Until that first book of the original idea sells, moderation is my key word.

    ......dhole

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  52. Hi Jemi! Great post - Diane's advice is very useful!

    Right now, I'm working on a series, because apparently I like to write way too much and I can't fit it all into one book. Or two. Yikes. I'm not sure how many as yet though - maybe 5, but we'll see :)

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  53. Sandy - You're right - Diane's post is full of great information - glad it helped you out! :)

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  54. Donna - that's a lot of work! I bet you've got it all shining now :)

    I agree - moderation is a great key word for everyone!

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  55. WN - yes, Diane's advice is terrific!

    Sounds like you've got an idea that won't let you go - awesome! :)

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  56. Great advice. I've read some series that I quit reading after 5 books because there was no end in sight. I prefer series which have a limited number of books planned. But the last one better not come off like the author got bored writing the series. I've read too many of those. Now I'm less than excited to jump on a new series than I use to be.

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  57. Excellent post, thanks Diane and Jemi.

    My experience very much parallels Diane's with a single story about three friends that grew into a proposed trilogy. I haven't started the third book yet, and I'm already sad about having to let go of the characters.

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  58. Diane is one very busy lady. She seems to be everywhere in Blogdom these days. Yes, I'm currently writing a series. It started out as a single book, then a sequel, now its a trilogy.

    Stephen Tremp

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  59. Stina - you're right - it's hard to read a series that's just gone on too long. Better that an author knows the strength of the series.

    Thanks so much for stopping by :)

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  60. VR - it is really hard letting go of our characters, isn't it? I'm very attached to mine and I don't think they'll be back. Although there is potential for a series within the setting... :)

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  61. Stephen - Diane sure is a busy lady - she's terrific!

    It's surprising how many people are wanting to write series, or wish to. We all like our characters too much maybe :)

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  62. I hope to write a series, but my biggest problem is I get too engrossed in what happens in other possible books in the series that I fail to figure out what's going to happen first. LOL. Guess I'm a little backwards. :)

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  63. Kimberly - I tend to start at the end of the book as well, so don't feel alone!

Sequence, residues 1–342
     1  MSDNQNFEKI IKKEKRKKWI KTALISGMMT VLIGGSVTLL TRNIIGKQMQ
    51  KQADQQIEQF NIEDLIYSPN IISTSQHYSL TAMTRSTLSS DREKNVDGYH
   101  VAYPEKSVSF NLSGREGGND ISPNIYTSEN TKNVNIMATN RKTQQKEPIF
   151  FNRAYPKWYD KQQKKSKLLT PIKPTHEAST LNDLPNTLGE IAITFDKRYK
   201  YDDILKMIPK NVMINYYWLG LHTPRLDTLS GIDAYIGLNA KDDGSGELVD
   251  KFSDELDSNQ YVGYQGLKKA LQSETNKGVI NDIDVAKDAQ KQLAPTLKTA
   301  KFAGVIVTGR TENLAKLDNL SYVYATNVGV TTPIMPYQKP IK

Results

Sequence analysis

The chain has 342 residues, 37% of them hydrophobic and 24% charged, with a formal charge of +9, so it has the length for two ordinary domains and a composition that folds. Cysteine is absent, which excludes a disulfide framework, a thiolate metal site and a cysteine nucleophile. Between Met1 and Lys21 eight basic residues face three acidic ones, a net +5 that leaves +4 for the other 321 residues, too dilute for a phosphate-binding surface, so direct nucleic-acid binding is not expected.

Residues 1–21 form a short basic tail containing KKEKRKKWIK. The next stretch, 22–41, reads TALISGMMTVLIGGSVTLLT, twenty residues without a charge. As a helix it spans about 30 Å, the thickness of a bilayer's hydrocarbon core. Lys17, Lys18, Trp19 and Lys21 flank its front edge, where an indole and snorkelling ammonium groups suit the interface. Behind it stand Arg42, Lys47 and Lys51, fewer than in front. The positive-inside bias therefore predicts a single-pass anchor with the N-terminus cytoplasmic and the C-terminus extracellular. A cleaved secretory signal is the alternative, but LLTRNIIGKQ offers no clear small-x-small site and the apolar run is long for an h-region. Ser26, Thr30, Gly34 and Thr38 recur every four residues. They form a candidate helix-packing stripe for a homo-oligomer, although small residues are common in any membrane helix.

I've thought of a kind of cozy/detective/sort-of series, but I wrote the first years back - before I knew anything about writing. :)

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  64. Thank you for posting this interview. I'm fascinated by how a writer comes up w/ ideas for series & I didn't realize there were 2 types of series.

    Good luck with all your writing, Diane. I will be checking out some of your books in the near future.

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  65. I envision my WIP as a series. Three independent stories, but utilizing the same characters. Getting the first one sold is step #1.

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  66. Great post - thank you - so much inspiration :)
    My WIP is a trilogy - but .. do I spend any time on the others or wait for confirmation that the first will be accepted!! ??

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  67. Lisa - I hadn't thought about the types of series either. Diane sure knows how to make things clear! :)

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  68. DL - that sounds interesting! I bet you'll find a home for that first book in no time :)

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  69. Michelle - good question! From what I've read, once you start querying #1, work on something else. Some people suggest working on #2, other suggest a separate work. I'm not sure!

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  70. I hadnt' considered a series,yet, but I do have a connected stories book brewing. This is a nice interview and Diane has such an inviting smile, I can't help but want to pop over and visit her.

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  71. Lynn - you'll love Diane's place - she's a sweetie!

    My current ms is a stand alone as well, but there are ways I could make it a (short) series - or use the setting with new characters.

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  72. Thanks for hosting the interview and telling us about Diane. It was very interesting.

    I always seem to see everything I write as a series, which I haven't decided if it is a problem yet. Maybe I just need to pack more in to the first book. Or, maybe I need to write for a soap.

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  73. Anne - glad you enjoyed it :)

    Even though we're only supposed to query 1 book at a time, I think a series-in-mind is never a bad idea. Many, many readers enjoy reading a series - we become so attached to the characters.